As for atheism:

Rabbis and Halacha are very clear on this too. Atheism doesn’t involve embracing another, conflicting faith. An atheist Jew, is simply a non practising Jew. Simple as that. Or, if the person prefers not to identity as Jewish, then the atheist is, well, an atheist, who was born into Judaism but has now left. But according to halacha, the atheist is still part of the Jewish family whereas the ex Jew turned Christian, or ex-Jew turned Muslim, is not.

Historically, Jews that converted to other faiths, and then later wished to return to Judaism, had to formally “convert” back to Judaism. I’m slightly concerned that your poll gives the impression that popular opinion can determine who is and is not Jewish. It can’t.

Also, as I’m sure you know, there is a specific Christian Evangelical movement, whose members were never Jews to start with, yet who pose fraudulently as ‘messianic Jews’ and who knowingly lie and misrepresent Judaism and Jews. This group provokes a lot of conflict between Jews and Christians.

For my part, I tend to be skeptical when any debate over Jewish identity is resolved by invoking the overriding authority of halakha. That’s part of what got us into this mess in the first place, and since non-Orthodox Jews are the majority these days (and the source of all that Jewish pride we feel when we talk about Spinoza, Freud, Einstein and Mel Brooks) I think we should have some say in the matter.

There are no easy answers. Nothing is “simple as that” about Jewish identity. Invoking the Tanakh–a collection of ancient Jewish literature otherwise known as the Hebrew Bible–as the fount of all wisdom on matters of personal or collective cultural identity is a push in the wrong direction. We all seem to agree that non-observant Jews are nonetheless Jews, and this fact alone proves the weakness of this argument.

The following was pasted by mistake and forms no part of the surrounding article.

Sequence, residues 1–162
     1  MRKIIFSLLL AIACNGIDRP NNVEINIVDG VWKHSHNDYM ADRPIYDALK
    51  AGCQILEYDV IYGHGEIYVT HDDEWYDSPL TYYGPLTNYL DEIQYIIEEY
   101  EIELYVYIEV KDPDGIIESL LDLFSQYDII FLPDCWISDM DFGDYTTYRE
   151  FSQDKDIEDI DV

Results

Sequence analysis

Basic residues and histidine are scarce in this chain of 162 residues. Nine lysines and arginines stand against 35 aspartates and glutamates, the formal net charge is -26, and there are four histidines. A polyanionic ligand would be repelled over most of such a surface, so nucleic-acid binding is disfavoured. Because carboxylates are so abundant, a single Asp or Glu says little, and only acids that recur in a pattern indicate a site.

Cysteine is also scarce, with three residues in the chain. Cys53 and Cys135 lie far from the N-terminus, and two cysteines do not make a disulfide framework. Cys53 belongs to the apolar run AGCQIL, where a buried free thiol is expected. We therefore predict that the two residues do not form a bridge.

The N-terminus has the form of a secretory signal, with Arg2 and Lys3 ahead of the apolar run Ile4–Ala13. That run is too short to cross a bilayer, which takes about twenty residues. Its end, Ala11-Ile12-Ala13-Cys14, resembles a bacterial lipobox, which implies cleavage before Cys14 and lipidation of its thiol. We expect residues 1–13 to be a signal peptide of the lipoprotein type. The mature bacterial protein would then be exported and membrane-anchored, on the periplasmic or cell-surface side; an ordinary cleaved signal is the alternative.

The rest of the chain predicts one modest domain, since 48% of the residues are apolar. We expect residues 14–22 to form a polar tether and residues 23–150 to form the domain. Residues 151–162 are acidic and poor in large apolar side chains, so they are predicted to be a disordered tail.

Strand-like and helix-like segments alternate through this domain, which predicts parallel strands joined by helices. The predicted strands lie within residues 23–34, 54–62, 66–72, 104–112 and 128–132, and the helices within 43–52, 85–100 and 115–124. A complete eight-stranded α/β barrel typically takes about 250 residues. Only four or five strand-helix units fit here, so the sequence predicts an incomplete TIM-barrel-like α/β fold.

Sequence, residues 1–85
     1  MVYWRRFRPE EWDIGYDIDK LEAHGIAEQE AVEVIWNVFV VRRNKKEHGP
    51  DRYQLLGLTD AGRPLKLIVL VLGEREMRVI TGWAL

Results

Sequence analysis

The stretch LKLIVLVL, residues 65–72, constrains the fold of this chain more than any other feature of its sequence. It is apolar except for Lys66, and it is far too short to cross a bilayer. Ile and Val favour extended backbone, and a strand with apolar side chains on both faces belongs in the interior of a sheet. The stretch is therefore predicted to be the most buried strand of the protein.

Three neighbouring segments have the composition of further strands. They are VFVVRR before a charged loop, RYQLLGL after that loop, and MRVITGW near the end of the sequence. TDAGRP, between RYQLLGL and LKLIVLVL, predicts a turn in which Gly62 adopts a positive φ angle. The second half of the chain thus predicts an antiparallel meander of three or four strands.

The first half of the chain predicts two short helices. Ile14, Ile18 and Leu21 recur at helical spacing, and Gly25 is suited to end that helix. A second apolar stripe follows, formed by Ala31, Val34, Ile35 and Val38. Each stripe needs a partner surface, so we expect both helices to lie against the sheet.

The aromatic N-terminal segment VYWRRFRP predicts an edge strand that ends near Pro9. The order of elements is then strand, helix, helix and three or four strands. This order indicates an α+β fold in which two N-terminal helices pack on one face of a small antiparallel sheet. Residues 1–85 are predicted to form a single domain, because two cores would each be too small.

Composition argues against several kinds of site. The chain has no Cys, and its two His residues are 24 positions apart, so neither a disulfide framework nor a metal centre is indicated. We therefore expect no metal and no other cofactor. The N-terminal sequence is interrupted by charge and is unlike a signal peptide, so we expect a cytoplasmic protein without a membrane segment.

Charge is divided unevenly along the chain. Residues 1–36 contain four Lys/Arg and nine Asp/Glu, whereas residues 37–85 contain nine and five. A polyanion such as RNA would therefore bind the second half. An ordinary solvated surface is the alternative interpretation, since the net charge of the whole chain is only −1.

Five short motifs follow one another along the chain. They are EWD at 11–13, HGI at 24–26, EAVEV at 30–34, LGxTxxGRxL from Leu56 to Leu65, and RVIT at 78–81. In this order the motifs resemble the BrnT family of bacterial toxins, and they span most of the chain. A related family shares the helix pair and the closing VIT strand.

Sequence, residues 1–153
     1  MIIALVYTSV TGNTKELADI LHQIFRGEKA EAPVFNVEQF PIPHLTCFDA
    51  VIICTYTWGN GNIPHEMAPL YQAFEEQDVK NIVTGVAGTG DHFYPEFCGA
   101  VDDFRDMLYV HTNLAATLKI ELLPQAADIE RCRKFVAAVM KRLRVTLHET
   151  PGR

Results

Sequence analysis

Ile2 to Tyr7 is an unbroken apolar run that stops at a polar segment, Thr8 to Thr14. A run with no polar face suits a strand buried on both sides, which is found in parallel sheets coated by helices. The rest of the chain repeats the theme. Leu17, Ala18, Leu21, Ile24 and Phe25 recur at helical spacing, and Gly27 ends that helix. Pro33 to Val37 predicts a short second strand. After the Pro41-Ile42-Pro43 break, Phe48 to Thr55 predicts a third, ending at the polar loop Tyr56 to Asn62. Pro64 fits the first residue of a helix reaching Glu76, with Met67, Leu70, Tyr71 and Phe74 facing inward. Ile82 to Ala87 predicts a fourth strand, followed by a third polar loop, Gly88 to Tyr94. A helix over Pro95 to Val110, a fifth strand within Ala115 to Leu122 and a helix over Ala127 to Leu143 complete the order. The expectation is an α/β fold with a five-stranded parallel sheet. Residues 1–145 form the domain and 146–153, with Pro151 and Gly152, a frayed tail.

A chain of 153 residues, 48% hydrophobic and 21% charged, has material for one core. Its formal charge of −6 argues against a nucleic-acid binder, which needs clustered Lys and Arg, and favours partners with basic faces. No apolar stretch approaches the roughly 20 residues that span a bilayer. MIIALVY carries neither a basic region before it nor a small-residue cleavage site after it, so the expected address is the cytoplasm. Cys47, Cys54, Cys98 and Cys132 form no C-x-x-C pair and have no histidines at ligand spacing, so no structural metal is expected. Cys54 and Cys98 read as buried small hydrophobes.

I’m tempted to say that all of this is a matter of opinion. That we celebrate Spinoza (who was given a hearty herem, or  rabbinic excommunication, for heresy from Europe’s most liberal and enlightened Jewish community) as one of our greatest sons only points to the fallability of halakhic law. It is malleable, elastic even, and all it takes is a shift in the way we think about ourselves to tame the once mighty voice of the the Law. God, in the end, is as subject to shifting cultural sands as the marketplace.

From a non-theistic point of view, this all borders on silliness. We know that the Bible was written by men (and likely even women) and believe that there is no supernatural authority whose word is eternal and unchanging. If there were, where is such a word to be found? The Talmud itself would be heretical as it meddles with the Torah on almost every page, adding and subtracting according to the wisdom and convention of the day. Wouldn’t the Torah itself have been enough without the addenda of the prophetic and hagoigraphic books that round out the Tanakh? I hope this brief gloss will suffice to convince the reader that there is nothing simple or clear-cut about Jewish identity.

The poll I posted (Are Jews Who Believe in Jesus Still Jews?) seeks opinions to what is one of the taboos of mainstream Jewish discourse. It does not seek irrefutable answers. Why can a Jew be a Buddhist and not a Christian? Perhaps there is something “conflicting” is the idea of a Jewish-Christian, though the earliest Christians were without exception Jews. So, clearly, this is another cultural-historical construct with no guidelines grounded in religious absolutism. Such is the nature of cultural identity.

We know there are Jews who have embraced Christianity throughout history for various reasons, ranging from personal belief to the threat of death. We also live in a society in which religious and cultural identities are a smorgasbord. There may indeed be excellent reasons why a modern Jew cannot believe in Jesus Christ and still be considered a Jew by fellow Jews (and I believe there are) but let’s not defer our reasoning to the divine think tank to understand why this is so.